Image copyright © by Marcus Trahan

Temple Grandin


I first became aware of Temple Grandin from a friend, John, who had a teenage autistic son. That boy must be in his thirties by now. At that time the awful bullshit known as “facilitated communication” was all the rage. John didn’t believe in it, and it’s been conclusively proven to be just another false hope. (Autism seems plagued by shit like that. Currently, it’s the vaccination scare, such that even though the one completely bogus study of twelve children has been debunked, people still cling to the pseudo-science and refuse to have their children vaccinated. I only wish the whooping cough could be visited on those idiot parents instead of their hapless kids.)

TG’s story is almost too incredible to believe. First, she had wonderful luck, because she was born into an age when autism was largely a mystery and her chances of institutionalization were virtually 100%. One of the most awful characteristics of autism is failure to bond. Autistic kids don’t want to be touched, much less hugged, and don’t like making eye contact. If they haven’t bonded, the culprit is obvious. The prevailing theory said that the mother hadn’t given them enough love. Of course, the mothers had done nothing of the sort and this was obvious to anyone who looked into it, but why let something like that spoil a good theory? Grandin’s luck was in having a mother who didn’t buckle down to this nonsense, and fought for her daughter’s freedom. It was hard; Temple didn’t speak until she was four. After that her behavior was often bizarre, as these people tend to be. They don’t have the software in their brains that enables most of us, without any effort at all, from the very cradle, to distinguish human emotions from facial expressions. The human face is fairly simple, but the variations are endless, and an eighth of an inch movement at the side of the mouth can be the difference between a smile and indifference. We speak of the Mona Lisa’s enigmatic smile; TG would not even be sure she was smiling. And she wouldn’t care. She is a terror at anything scientific, she is a bona fide genius, but she can’t really relate to other people, and has stated that she finds conversation and pretty much any human interaction (except about science) boring.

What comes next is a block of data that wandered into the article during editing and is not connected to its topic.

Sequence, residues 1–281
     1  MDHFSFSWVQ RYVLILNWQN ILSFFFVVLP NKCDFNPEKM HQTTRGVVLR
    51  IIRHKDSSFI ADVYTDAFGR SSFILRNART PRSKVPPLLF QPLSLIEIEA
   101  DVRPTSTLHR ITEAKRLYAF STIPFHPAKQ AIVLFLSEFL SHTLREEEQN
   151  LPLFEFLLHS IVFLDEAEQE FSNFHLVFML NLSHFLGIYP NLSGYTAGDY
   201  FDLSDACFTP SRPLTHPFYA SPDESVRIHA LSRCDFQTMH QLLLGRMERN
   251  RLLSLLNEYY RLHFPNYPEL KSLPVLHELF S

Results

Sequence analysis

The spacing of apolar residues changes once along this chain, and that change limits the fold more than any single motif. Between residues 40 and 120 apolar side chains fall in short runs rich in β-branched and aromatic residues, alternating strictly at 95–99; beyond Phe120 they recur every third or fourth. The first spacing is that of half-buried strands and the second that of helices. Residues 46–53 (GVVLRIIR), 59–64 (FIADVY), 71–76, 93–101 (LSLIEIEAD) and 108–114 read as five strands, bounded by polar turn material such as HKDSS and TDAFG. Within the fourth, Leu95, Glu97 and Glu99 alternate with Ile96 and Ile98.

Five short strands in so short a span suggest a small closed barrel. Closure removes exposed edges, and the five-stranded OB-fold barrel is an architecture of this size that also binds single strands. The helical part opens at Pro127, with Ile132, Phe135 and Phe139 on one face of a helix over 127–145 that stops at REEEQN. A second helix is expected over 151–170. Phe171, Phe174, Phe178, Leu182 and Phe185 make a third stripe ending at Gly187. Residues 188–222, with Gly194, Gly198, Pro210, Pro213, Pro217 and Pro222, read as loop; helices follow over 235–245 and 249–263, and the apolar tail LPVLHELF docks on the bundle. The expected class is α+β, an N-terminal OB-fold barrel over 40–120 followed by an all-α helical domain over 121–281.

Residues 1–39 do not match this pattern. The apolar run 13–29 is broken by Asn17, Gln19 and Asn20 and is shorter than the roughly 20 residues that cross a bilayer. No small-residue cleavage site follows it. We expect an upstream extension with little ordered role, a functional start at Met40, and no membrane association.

Second, she had boundless determination. Try to imagine earning a bachelors, then a masters, and finally a PhD when you are subject to almost constant panic attacks. The world is too loud and too bright to autistics. She invented machines to help her through this horror. Today, she takes drugs that have evened her out quite a bit. She doesn’t act like what is portrayed in this movie. She describes it as a miracle.

But in interviews she has said that Claire Danes absolutely nailed her behavior and speech as a young woman. I’m so happy to hear that because, even without TG’s endorsement, I felt sure this will be one of the most powerful performances of 2010. They could start engraving her name on the Emmy right now, as far as I’m concerned. The film is wonderful, and gives a good alternative to the Rain Man picture of autistic people. There are many, many good scenes, but the one that knocked me out was when she was attending a conference about autism around 1980. She stood up to speak, and at first these people (mostly mothers) didn’t realize she was autistic. Then, they were stunned when she told them she had a masters in animal husbandry. These were women who had probably been told there was no hope for their children, and that it was their fault, and who struggled every day to give their children some degree of socialization. Imagine the hope they must have felt to see this funny-talking, awkward, but obviously whip-smart young woman who was succeeding in the world. You must see this film. It is playing now (2/9/10) on HBO, but if you can’t see it there, rent the DVD.